Bacterial Vaginosis

Medically Reviewed by Nivin Todd, MD on November 06, 2022
4 min read

Bacterial vaginosis (BV) is an infection of the vagina. It results from a change in the normal balance of vaginal bacteria.

BV usually doesn't cause any other health problems. But it can lead to issues, especially when you're pregnant or trying to get pregnant.


About half of the time, women with BV have no symptoms. But they can include:

  • Burning feeling when you pee

  • Fishy smell that gets stronger after sex

  • Itching

  • Thin white, gray, or green discharge

It isn’t the same as a yeast infection. Those often have a thick white discharge that doesn’t smell.

Because BV symptoms can look like those from other infections, it’s important to find out the cause. See your doctor if you:

  • Have a new vaginal discharge along with a smell or a fever

  • Have more than one intimate partner or a new partner (You might need to be checked for a sexually transmitted disease.)

  • Used an over-the-counter medicine for a yeast infection but still have symptoms

A type of bacteria called lactobacillus keeps your vagina slightly acidic so bad bacteria don't grow well. If your lactobacillus levels drop, more bad bacteria move in, and you get BV.

Any woman can get BV, but your risks are higher if you:

  • Smoke

  • Are sexually active

  • Douche

Douching upsets the natural balance of bacteria. So can scented soaps, bubble baths, and vaginal deodorants.

A new sex partner, or having more than one, makes it more likely that you'll get BV. It isn’t clear why, but women who have female partners are most at risk. You can get BV from oral and anal sex.

The IUD birth control device, which fits inside your uterus, has been linked to BV, especially if you have irregular bleeding. But it isn’t clear whether it’s a direct cause.

You can’t get vaginal infections like BV from swimming pools or public toilet seats.

The doctor will:

  • Ask about your medical history

  • Do an overall physical exam

  • Do a pelvic exam

  • Check your vagina’s pH or acidity level

  • Take a sample of discharge from your vagina to look for cells covered with bacteria

The doctor can prescribe antibiotics (metronidazole, clindamycin, tinidazole) to treat BV. This could be a tablet you take by mouth or a cream or gel you put into your vagina. You'll need to take most treatments for 5 to 7 days. Finish all your medicine, even if the symptoms go away. If you stop early, the infection could come back.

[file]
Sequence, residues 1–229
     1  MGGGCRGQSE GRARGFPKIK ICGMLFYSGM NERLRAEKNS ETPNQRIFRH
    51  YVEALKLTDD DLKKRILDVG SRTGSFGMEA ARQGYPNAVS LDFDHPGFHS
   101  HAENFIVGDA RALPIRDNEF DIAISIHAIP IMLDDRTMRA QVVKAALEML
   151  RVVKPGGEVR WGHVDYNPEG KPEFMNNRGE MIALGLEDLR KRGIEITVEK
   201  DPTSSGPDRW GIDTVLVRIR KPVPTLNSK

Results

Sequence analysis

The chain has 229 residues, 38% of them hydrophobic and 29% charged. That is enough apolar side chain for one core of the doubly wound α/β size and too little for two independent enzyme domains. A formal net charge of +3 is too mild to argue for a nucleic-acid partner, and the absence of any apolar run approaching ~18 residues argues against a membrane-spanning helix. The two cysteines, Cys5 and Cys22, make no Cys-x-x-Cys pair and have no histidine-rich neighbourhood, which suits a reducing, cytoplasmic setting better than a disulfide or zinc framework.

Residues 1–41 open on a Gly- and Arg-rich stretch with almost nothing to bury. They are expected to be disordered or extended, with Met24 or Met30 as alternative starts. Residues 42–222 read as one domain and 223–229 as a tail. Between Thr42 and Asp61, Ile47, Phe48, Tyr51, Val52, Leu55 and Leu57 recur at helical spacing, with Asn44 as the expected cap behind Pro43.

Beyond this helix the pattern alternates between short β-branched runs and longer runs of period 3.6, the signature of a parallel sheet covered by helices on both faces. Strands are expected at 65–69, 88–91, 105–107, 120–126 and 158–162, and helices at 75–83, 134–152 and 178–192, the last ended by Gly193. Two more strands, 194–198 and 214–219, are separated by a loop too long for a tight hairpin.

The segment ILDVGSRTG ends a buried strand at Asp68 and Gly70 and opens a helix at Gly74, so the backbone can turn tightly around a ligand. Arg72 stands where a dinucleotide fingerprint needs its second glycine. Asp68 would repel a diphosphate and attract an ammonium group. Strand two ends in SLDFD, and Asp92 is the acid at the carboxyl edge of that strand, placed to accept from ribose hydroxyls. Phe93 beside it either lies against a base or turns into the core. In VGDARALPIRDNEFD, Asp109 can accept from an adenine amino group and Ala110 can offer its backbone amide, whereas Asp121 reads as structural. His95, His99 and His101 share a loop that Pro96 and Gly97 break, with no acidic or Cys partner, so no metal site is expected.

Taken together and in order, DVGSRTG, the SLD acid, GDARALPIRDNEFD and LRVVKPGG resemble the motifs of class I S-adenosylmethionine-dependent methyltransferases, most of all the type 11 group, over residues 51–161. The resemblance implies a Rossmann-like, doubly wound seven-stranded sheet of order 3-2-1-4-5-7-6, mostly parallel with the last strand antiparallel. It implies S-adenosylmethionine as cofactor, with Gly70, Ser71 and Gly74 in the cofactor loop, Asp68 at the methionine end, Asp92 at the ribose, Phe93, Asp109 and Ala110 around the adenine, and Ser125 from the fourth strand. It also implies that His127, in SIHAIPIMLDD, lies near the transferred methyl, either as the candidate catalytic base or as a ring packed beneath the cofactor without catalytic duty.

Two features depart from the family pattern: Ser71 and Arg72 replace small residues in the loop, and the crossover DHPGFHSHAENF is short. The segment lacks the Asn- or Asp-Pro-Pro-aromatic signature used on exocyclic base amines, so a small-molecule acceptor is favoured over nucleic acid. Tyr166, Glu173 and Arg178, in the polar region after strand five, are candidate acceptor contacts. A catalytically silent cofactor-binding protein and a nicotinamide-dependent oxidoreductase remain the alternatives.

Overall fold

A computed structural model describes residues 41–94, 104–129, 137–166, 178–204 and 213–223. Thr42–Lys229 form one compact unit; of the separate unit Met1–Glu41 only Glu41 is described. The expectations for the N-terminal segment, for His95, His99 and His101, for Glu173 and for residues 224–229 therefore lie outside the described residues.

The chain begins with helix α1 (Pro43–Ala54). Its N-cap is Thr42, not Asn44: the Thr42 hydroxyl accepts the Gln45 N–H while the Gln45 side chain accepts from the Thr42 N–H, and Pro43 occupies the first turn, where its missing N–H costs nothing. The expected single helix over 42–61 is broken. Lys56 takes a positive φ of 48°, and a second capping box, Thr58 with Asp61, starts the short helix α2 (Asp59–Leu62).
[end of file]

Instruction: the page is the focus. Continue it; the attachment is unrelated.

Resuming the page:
Since BV can be spread through sex, don’t have sexual contact until you're done taking your medicine and your symptoms are gone. If your partner is another woman, they may want to see their doctor to find out if they need treatment.

Even after BV is treated and goes away, it often returns. If that happens, you'll probably need to take antibiotics again for a longer time.

If you use an IUD and BV keeps coming back (recurrent BV), you may want to talk to your doctor about a different type of birth control.

Bacterial vaginosis has been tied to a higher risk of other health problems, including:

  • A bacterial infection, if you have a hysterectomy or other surgery on your female organs while you have BV

  • A premature or low birth weight baby

  • A sexually transmitted disease like herpes, chlamydia, or gonorrhea, or passing HIV to your partner

  • Less success with fertility treatments like in vitro fertilization (IVF)

  • Pelvic inflammatory disease (PID), an infection of your uterus, fallopian tubes, and ovaries

To lower your chances of getting BV, take these steps:

  • Clean sex toys after every use.

  • Don’t douche.

  • Get tested for sexually transmitted diseases, and make sure your sex partners are tested.

  • Limit your number of sex partners.

  • If your partner is male, put a condom on their penis before it touches your vagina, mouth, or anus.

  • Use only water or mild soap to wash your genitals.

  • Wipe from front to back after you use the bathroom.